The Gospel of Mark, regarded by most scholars as the earliest and most reliable of the Synoptic Gospels, is reduced to one phrase “Render unto Caesar those things that are Caesar’s and to God those things that are God’s.” James R. Edwards, “New Quest, Old Errors”, Touchstone, Vol. 9, No. 1 (March 1996).

Because of this it is agreed that the gospels were written after Paul died.

"...There is nothing in Paul's letters that either hints at the existence of the Gospels or that even talks of a need for such biographical memoirs of Jesus Christ. Paul, the New Testament says, never saw the earthly Jesus but was totally convinced of his divinity. He was, he says, 'an apostle, not by human appointment or human commission, but by commission from Jesus Christ and from God the Father." [Galatians 1:1 NEB]
- John Romer, Testament- The Bible and History

"...It is noteworthy that, except for the words of the institution of the Lord's Supper themselves, Paul does not in any of his epistles quote the exact words of any of the saying so Jesus as we now have them in the Gospels. Nor does he mention a single event in the life of Jesus - again except for the institution of the Lord's Supper - between his birth and his death on the cross. From the writings of Paul we would not be able to know that Jesus ever taught in parables and proverbs or that he performed miracles or that he was born of a virgin. For that information we are dependent on the oral tradition of the early Christian communities as this was eventually deposited in the Gospels, all of which, in their present form at any rate, probably appeared later than most or all of the epistles of Paul."
- Jaroslav Pelikan, Jesus Through the Centuries

"There is not a single mention or even a hint of Paul's letters in the Gospels. Their vision seems far removed from the practicalities that are spelled out in Paul's letters. His main theme is Jesus' message of God's love for the world and also Christ's assertion that the ending of the world is imminent; his historical view is sharp and certain. In comparison, the Gospels often seem uncertain of their central message and of their central character; Jesus' purposes on earth seem curiously elusive....The Gospels' portrait of Jesus seems to be separated from real time. The central character is set in a rambling series of incidents and sermons, engaged in a mysterious progress revolving around an unstated drama that finally ensures his capture and death."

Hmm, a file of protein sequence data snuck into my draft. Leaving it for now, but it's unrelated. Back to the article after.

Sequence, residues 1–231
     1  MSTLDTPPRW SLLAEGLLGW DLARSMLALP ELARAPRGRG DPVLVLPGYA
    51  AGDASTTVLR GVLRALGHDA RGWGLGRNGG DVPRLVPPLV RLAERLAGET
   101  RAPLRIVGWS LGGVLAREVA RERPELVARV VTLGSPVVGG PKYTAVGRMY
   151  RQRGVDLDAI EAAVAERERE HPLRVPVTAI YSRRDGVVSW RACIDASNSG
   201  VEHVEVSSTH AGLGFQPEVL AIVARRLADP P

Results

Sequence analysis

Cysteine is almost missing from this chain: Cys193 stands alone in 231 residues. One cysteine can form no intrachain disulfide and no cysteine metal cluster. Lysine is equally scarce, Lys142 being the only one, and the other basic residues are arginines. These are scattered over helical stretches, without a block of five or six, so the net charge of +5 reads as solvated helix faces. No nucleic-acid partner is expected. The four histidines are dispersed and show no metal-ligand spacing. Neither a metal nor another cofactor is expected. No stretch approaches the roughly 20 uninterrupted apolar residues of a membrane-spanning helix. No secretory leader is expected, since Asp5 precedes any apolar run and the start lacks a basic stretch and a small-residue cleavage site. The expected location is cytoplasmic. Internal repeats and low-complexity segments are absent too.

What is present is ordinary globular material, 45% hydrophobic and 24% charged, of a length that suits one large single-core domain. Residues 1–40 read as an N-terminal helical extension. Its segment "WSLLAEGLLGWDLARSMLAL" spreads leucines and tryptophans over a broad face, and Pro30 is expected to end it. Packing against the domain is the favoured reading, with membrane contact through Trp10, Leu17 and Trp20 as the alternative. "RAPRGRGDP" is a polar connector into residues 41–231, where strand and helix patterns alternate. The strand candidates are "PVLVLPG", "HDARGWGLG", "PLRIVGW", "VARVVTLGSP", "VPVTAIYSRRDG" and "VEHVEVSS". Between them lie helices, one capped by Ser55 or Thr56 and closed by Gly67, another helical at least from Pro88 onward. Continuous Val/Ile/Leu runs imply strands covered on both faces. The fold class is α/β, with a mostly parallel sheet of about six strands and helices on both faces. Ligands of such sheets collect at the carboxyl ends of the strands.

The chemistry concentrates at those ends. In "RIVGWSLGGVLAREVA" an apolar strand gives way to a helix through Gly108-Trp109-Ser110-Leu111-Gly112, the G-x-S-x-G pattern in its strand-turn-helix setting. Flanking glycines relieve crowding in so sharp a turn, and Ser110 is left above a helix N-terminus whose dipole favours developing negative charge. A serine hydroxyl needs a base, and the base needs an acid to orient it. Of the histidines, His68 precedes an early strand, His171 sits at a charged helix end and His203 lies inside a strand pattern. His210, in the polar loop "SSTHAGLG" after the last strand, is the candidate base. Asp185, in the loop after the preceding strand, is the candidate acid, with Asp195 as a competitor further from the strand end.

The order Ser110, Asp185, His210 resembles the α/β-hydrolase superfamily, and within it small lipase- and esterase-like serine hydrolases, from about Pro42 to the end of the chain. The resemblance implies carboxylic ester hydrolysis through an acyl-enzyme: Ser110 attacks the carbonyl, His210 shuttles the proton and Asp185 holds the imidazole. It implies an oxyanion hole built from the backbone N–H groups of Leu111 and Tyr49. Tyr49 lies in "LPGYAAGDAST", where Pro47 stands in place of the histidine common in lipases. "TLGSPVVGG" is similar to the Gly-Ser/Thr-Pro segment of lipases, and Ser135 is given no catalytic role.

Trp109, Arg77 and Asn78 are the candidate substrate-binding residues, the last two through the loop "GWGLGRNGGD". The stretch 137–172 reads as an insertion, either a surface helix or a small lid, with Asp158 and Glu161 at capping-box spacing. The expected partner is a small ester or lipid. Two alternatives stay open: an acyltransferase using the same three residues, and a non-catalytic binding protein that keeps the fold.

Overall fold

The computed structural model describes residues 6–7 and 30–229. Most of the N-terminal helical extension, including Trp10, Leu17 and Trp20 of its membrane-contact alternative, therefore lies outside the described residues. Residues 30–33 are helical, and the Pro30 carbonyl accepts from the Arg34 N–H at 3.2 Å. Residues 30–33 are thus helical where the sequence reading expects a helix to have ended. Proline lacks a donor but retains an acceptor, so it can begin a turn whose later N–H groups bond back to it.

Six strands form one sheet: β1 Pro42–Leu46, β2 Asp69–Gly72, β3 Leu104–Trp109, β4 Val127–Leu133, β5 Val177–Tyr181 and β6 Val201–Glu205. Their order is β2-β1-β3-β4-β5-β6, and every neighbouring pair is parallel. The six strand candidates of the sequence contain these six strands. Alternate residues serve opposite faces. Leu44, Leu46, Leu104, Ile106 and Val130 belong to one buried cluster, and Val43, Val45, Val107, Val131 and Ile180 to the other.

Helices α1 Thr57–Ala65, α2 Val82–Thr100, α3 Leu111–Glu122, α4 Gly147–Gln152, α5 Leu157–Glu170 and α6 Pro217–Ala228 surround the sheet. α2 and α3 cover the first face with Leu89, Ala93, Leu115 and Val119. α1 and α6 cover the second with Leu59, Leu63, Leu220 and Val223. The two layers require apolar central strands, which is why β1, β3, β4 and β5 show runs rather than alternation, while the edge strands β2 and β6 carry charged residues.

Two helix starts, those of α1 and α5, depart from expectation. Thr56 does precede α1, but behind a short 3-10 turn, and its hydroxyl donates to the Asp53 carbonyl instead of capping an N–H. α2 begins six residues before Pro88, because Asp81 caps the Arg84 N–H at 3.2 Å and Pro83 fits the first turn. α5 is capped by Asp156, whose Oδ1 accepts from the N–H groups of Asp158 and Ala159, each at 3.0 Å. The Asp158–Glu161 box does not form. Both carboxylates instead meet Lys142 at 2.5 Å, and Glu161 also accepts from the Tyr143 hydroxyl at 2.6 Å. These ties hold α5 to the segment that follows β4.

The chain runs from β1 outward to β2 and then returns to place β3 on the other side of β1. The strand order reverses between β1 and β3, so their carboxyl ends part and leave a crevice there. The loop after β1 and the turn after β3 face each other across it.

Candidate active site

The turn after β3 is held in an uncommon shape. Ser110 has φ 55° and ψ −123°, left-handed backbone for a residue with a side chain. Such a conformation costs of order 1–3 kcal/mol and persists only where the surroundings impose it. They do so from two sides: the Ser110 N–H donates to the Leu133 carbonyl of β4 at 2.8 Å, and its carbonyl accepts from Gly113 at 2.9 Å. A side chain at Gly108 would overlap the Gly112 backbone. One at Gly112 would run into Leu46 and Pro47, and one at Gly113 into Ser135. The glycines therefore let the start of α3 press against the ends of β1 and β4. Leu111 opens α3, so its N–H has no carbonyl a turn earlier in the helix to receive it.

- John Romer, Testament - The Bible and History

All we can do is narrow the time frame down.

Papias, bishop of Hierapolis, (c. 60-130) wrote around the year 120: “Mark, having become Peter’s interpreter, wrote down accurately whatever he remembered of what was said or done by the Lord, however not in order”

This gives us an upper boundary of 120 CE. Mark 13:1-2 is generally seen as referring to the Jewish revolt of 66-70CE. That is what a majority of scholars would say was a likely date 66 - 70CE. Christians generally argue for 40CE which is around the time Pauls letters start showing up but Paul is actually supposed to have died around 60CE and Mark isn't supposed to be written till after Peter dies(This is the tradition of the Catholic Church) so we are back to 65CE or so.

Of course this is taking the gospels as legitimate sources of information, which I was only doing so as to argue with Christians on their own turf, because even taking what is mythology seriously there is ample reason to reject it as truth.

As for sources I would recommend anything written by the following individuals:

John Romer, Robert M Price, Michael L White, Alan Dundes, Earl Doherty, Hyam Maccoby, William B. Smith, George Albert Wells, John Marco Allegro, Timothy Freke, Peter Gandy, Larry Wright, Jaroslav Pelikan, etc.


Thank you both for stopping by and commenting.

btw - hindu_atheist, thank you for the compliment!